Why We Have to Fight Docs for Painkillers

Graham, a med student and blogger at Over My Med Body, writes about an encounter with a patient in the ER:

“‘I usually get Dilaudid and Phenergan’ [said the patient]. These are the words that start to change my diagnosis from ‘kidney stone’ to ‘drug-seeking.'”

Check out the whole story in Graham’s post, entitled “I Usually Get Dilaudid and Phenergan.”

[via Kevin, MD]

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4 Responses to “Why We Have to Fight Docs for Painkillers”

  1. Jackie Says:

    wow….

    the few times that I have had to go to the ER in extream pain, I was careful not to request a specific med, and just let them give me what they want to give me, for fear them thinking that my pain is “all in my head” or worse, “I’m a pill seaker”.

    From the sounds of things, this lady obviously is a pill seaker, but I fear there is more to her story that we don’t know….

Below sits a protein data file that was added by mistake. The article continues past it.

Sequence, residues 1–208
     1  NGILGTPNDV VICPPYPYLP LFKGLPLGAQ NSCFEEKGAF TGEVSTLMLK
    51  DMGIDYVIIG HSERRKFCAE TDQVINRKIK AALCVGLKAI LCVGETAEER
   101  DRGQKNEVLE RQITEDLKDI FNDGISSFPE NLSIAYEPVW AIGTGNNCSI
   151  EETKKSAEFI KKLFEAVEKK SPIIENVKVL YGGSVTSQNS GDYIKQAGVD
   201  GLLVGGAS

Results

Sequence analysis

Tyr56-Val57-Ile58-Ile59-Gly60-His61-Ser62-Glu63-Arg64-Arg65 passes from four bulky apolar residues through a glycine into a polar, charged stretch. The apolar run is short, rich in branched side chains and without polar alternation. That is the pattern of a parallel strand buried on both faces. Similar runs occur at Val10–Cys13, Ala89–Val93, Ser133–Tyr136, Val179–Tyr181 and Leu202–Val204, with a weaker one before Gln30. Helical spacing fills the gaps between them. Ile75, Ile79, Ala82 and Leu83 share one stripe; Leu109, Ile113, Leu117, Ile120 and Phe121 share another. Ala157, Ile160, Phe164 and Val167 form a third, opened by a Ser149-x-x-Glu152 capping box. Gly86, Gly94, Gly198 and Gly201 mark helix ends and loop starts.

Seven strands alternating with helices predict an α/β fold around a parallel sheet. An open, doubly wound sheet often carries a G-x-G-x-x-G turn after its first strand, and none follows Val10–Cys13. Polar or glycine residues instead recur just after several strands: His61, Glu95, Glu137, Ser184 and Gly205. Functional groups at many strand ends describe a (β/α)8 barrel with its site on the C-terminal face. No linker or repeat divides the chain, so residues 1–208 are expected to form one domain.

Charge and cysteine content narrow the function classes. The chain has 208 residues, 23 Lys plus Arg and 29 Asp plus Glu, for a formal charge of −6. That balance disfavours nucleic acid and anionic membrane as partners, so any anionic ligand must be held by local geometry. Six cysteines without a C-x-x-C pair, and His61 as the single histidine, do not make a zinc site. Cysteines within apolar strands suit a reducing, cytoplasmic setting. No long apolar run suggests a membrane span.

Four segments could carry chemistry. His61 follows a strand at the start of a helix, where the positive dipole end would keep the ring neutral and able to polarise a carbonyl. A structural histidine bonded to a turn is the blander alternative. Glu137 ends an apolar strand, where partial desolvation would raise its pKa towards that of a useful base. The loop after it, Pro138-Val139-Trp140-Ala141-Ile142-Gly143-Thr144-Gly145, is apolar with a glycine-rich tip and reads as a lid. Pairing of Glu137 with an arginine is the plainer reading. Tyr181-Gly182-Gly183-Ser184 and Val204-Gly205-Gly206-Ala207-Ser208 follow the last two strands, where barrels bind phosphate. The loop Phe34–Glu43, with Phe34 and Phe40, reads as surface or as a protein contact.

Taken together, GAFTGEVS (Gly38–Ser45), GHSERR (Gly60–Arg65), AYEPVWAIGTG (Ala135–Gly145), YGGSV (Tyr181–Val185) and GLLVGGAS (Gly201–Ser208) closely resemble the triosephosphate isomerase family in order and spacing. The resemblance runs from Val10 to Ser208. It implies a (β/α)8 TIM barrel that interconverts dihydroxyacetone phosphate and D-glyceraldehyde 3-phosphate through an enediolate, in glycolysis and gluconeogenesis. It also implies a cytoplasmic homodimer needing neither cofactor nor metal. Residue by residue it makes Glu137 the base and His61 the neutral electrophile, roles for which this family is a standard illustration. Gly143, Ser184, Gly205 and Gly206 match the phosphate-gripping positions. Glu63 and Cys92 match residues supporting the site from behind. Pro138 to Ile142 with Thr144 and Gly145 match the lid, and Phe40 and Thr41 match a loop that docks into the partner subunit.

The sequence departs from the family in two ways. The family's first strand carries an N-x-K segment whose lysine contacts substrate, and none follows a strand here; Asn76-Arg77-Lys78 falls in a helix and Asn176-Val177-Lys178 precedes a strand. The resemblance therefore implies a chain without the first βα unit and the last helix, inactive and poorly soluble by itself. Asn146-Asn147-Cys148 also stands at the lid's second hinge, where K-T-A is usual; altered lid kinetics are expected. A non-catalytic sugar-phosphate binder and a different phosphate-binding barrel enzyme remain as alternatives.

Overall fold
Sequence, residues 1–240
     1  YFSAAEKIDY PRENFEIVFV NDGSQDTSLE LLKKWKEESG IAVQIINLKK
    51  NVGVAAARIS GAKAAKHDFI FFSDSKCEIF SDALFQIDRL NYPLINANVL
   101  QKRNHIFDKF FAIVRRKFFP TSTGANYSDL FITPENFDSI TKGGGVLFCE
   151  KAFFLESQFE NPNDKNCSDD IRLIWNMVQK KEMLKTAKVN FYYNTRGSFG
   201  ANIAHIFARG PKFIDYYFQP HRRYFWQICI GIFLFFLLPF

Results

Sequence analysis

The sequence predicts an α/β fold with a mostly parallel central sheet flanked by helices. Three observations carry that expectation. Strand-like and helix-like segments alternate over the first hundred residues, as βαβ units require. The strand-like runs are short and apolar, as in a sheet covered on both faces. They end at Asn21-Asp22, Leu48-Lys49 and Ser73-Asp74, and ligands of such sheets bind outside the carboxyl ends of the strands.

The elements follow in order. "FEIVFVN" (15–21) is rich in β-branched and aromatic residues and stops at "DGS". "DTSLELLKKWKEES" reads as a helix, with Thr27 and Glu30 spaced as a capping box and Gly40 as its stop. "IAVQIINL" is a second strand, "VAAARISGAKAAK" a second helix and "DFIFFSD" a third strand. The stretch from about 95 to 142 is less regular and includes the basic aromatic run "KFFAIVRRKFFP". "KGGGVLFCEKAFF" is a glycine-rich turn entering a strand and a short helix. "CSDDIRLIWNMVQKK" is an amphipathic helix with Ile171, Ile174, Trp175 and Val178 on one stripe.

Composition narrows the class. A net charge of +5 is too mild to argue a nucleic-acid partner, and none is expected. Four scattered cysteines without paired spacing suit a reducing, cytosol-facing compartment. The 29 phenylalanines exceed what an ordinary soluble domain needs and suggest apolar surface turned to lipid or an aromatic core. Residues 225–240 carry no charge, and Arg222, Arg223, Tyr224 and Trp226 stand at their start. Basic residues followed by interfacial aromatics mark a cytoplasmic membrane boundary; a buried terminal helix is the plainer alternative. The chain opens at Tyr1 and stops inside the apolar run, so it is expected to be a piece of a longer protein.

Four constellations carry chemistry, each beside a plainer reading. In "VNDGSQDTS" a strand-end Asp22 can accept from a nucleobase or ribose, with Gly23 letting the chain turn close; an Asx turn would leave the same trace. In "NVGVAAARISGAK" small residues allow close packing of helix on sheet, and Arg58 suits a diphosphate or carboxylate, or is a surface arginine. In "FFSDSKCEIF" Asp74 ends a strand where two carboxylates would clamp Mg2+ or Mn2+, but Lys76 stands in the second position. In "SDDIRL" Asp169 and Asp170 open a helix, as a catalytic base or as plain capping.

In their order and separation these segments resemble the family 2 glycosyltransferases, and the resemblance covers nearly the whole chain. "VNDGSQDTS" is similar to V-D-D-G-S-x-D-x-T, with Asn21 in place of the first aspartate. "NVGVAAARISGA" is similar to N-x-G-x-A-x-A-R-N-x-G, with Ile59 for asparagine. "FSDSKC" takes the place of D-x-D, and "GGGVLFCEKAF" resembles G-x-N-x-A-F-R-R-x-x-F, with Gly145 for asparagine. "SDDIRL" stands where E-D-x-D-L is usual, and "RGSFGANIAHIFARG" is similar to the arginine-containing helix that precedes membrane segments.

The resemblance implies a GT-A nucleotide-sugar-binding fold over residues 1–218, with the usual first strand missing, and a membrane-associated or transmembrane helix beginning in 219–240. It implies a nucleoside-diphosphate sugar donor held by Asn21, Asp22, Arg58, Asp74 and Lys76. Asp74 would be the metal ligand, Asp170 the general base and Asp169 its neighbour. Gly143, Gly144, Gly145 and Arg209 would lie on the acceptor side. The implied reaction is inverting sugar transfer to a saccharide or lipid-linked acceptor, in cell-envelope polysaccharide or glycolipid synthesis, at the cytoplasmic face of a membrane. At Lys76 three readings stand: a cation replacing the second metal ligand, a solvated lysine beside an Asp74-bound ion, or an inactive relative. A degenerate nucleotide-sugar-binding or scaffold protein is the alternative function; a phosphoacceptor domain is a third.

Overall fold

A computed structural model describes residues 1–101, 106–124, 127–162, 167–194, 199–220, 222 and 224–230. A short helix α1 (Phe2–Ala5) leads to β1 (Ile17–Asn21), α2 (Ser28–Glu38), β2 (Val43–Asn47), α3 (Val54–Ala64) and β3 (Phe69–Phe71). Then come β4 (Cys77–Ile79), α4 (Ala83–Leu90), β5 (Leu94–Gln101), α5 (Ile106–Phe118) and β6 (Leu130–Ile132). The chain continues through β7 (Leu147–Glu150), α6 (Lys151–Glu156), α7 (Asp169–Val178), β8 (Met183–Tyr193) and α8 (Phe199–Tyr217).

2. PamC Says:

    It’s folks like that who give the rest of us a bad name…

  3. Diana Says:

    It find it very interesting to see the ER from a doc’s perspective. It’s easy to forget how often they face the “drug seeker” question in practice when you only deal with it from a patient perspective. Of course, that doesn’t justify the way many of us have been treated, but it’s still good to see things from another viewpoint.

  4. Angel Says:

    My experience (comparing to the article) is that I do have severe anxiety even with lower body scans and with severe headaches. I’m sure if I were to go to the ER I’d be seen as drug seeking by some : /

    Thankfully the meds I’ve had eventually do work and I haven’t had to go to the ER. But it’s a shame that my asking for meds I know that work (as opposed to the 15 or so that don’t) and being a partner in my own health care might threaten some doctors.

    I don’t like having to take meds–they don’t even make me “high”–they just help me have a little bit better quality of life.


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